Hong Kong can only fully reopen borders if vaccination rate improves: Paul Chan

Pandemic adviser to government also predicts infections spread by more transmissible variants will peak in coming week.

Hong Kong can fully reopen to the world only if its Covid-19 vaccination rate improves further, the city’s finance chief has said, crediting effective pandemic control as the “fundamental stabilising force” of the local economy.

Financial Secretary Paul Chan Mo-po struck a cautious note on Sunday even as health officials reported the possible start of a downward trend in daily cases, and a pandemic adviser to the government predicted infections spread by more transmissible variants would peak in the coming week.

“It has been extremely challenging to strike a balance between curbing the pandemic and facilitating travel, while preserving the economy,” Chan wrote on his official blog. “Only with concerted efforts to further expand the vaccination scheme will we have more leeway to resume international travel, stabilising the economy and restarting the impetus for growth to the greatest extent possible.”

Financial Secretary Paul Chan.

According to the government, 93 per cent of residents have taken a first vaccine shot, and 91 per cent have received a second, while 74 per cent have completed all three. But the rate for residents aged 80 or above remains just 67 per cent for two shots and a mere 51 per cent for three.

Authorities have struggled to get those numbers up as infections have rebounded in recent weeks. Health officials on Sunday confirmed 9,033 new cases, of which 129 were imported, and 11 more deaths related to the virus. The city’s Covid-19 tally stood at 1,651,974, with 9,799 fatalities.

This weekend’s Mid-Autumn Festival is one of the biggest occasions of the year for families to gather for celebratory meals, and authorities have urged residents to avoid large reunions.

Professor Lau Yu-lung, chair professor of paediatrics at the University of Hong Kong and who advises the government on the pandemic, forecast new infections would crest in the next three to seven days after plateauing at about 10,000 in the past week.

The viral load in sewage had also shown signs of flattening, while the number of infected patients being treated in hospital between Thursday and Saturday had declined, he noted.

“There might be a small rebound after the three-day holiday,” Lau said, adding that as long as residents adhered to social-distancing measures, the public had no cause for concern.

If the vaccination rate among the elderly and those under five years of age both reached at least 80 per cent, the government might consider laying out a timeline for easing pandemic curbs, he suggested, predicting that could happen in November.

The government last week announced the vaccine pass scheme restricting access to most public places would be expanded to require children as young as five be inoculated with at least one jab by September 30 and two shots by the end of November.

As of Sunday, 2,711 Covid-19 patients were in hospital, including 54 in critical condition and 57 in a serious one. Hospital Authority Chief Manager Dr Larry Lee Lap-yip described the patient numbers as having “stabilised”.

But the number of elderly sent to the makeshift treatment facility at AsiaWorld-Expo continued to rise, Lee noted, adding a plan to increase bed capacity from 240 to 280 after the holiday remained.

“We dare not to let our guard down because based on our experience, changes, growth or declines in the pandemic can happen rapidly,” he said.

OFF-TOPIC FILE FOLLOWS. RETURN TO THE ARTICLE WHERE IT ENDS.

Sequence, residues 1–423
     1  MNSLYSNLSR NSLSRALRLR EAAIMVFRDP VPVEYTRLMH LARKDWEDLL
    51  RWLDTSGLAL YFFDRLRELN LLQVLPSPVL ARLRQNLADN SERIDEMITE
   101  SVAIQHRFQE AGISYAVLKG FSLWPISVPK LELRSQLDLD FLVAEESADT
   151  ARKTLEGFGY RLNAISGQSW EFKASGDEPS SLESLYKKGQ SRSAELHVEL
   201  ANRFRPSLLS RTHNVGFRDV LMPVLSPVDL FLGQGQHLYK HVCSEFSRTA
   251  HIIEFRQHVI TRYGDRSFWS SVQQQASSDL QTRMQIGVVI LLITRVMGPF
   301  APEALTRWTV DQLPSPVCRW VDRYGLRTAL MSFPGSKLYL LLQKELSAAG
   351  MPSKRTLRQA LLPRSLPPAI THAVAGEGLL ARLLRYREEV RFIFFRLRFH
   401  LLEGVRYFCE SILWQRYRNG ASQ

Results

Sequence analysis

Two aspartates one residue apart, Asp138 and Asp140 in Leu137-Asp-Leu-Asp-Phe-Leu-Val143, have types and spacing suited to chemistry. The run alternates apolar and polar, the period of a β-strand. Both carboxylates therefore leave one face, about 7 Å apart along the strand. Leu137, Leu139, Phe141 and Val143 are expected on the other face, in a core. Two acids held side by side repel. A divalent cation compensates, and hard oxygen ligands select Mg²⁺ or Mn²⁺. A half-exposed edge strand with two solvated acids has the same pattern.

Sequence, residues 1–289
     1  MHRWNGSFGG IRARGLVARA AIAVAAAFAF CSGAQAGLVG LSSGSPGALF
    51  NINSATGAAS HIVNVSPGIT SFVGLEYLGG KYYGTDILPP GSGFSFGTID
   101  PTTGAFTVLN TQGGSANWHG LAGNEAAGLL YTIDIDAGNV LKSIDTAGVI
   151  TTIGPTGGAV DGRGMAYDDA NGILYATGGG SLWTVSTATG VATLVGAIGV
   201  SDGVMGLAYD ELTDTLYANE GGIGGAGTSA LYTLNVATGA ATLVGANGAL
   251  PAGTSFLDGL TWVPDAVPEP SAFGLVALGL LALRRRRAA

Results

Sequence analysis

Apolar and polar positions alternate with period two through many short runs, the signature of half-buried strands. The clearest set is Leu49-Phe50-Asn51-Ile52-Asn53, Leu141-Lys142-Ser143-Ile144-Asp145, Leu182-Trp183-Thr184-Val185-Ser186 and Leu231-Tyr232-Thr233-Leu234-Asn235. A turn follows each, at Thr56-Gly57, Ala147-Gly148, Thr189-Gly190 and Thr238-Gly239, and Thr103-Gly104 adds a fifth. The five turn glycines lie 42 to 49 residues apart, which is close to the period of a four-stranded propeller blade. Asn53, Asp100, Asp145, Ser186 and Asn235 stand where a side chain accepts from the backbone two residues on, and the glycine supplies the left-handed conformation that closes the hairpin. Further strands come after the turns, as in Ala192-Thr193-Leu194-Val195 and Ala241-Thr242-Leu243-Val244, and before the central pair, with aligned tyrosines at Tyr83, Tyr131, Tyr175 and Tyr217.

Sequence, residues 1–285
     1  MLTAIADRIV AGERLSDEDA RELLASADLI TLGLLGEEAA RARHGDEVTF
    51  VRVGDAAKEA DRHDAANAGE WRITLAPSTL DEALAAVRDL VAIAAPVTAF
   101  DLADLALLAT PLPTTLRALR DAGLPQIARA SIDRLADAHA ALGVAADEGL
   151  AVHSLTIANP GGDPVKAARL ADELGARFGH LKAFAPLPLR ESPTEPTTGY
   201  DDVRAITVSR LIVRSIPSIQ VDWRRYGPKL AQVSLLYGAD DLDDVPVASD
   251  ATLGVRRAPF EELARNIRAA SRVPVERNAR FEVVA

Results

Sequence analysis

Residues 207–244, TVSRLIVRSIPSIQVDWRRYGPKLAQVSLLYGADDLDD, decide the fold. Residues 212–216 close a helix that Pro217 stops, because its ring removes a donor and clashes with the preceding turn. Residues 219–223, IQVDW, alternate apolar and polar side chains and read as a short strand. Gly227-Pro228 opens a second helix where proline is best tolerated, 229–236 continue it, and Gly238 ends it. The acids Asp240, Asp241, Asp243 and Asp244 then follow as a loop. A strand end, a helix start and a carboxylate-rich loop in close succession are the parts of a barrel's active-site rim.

Reacting to Chan’s blog entry, Travel Industry Council chairwoman Gianna Hsu Wong Mei-lun expressed hope that the government would provide a road map to further relax the “3+4” policy that requires arrivals to spend three days in hotel quarantine and four more monitoring their health at home.

“Any quarantine measure is an obstacle to revitalise local tourism”, Hsu said, adding the current administration had always maintained that any easing of the rule would be based on scientific data on infection numbers but stopped short of stating what numbers would be acceptable or how a lower figure could be achieved.

“When people travel, they need to tour around and enjoy the food. That’s how travelling should be. But if they have an amber code, even if the quarantine is cut to ‘0+7’ or even ‘0+3’, there is no way you could attract inbound travellers with such restrictions,” she said, referring to the vaccine pass QR code given to travellers upon arrival.

A shop in Yau Ma Tei with a banner saying “Can’t fight Covid-19”.

Ray Chui Man-wai, chairman of the food and beverage industry group Institute of Dining Art, said the strategies the government had adopted to tackle the pandemic were “problematic”, noting the government had failed to set a target vaccination rate.

“We saw serious cases and deaths decreased compared with the fifth wave of infections. However, if the government continues to pose restrictions on restaurants and residents, it will bring a huge blow to the industry,” he said.

Chui added many restaurants had suffered a drop of 30 to 40 per cent in business during the Mid-Autumn Festival compared with last year.

He urged the government to immediately relax measures by raising the maximum number of people allowed per table from eight to 12 and banquet attendees from 120 to 240.

Separately, authorities also made a change to the English-language version of information for people who tested positive posted on the website of the Centre for Health Protection. It now stated that anyone who tested positive using a rapid antigen test (RAT) “have to” report the results instead of only “can” report them.

But Chuang clarified that reporting positive RAT cases was “not yet compulsory by law at the moment”.

“[But] we would like the people to report so we don’t want them to feel like it’s optional,” she said.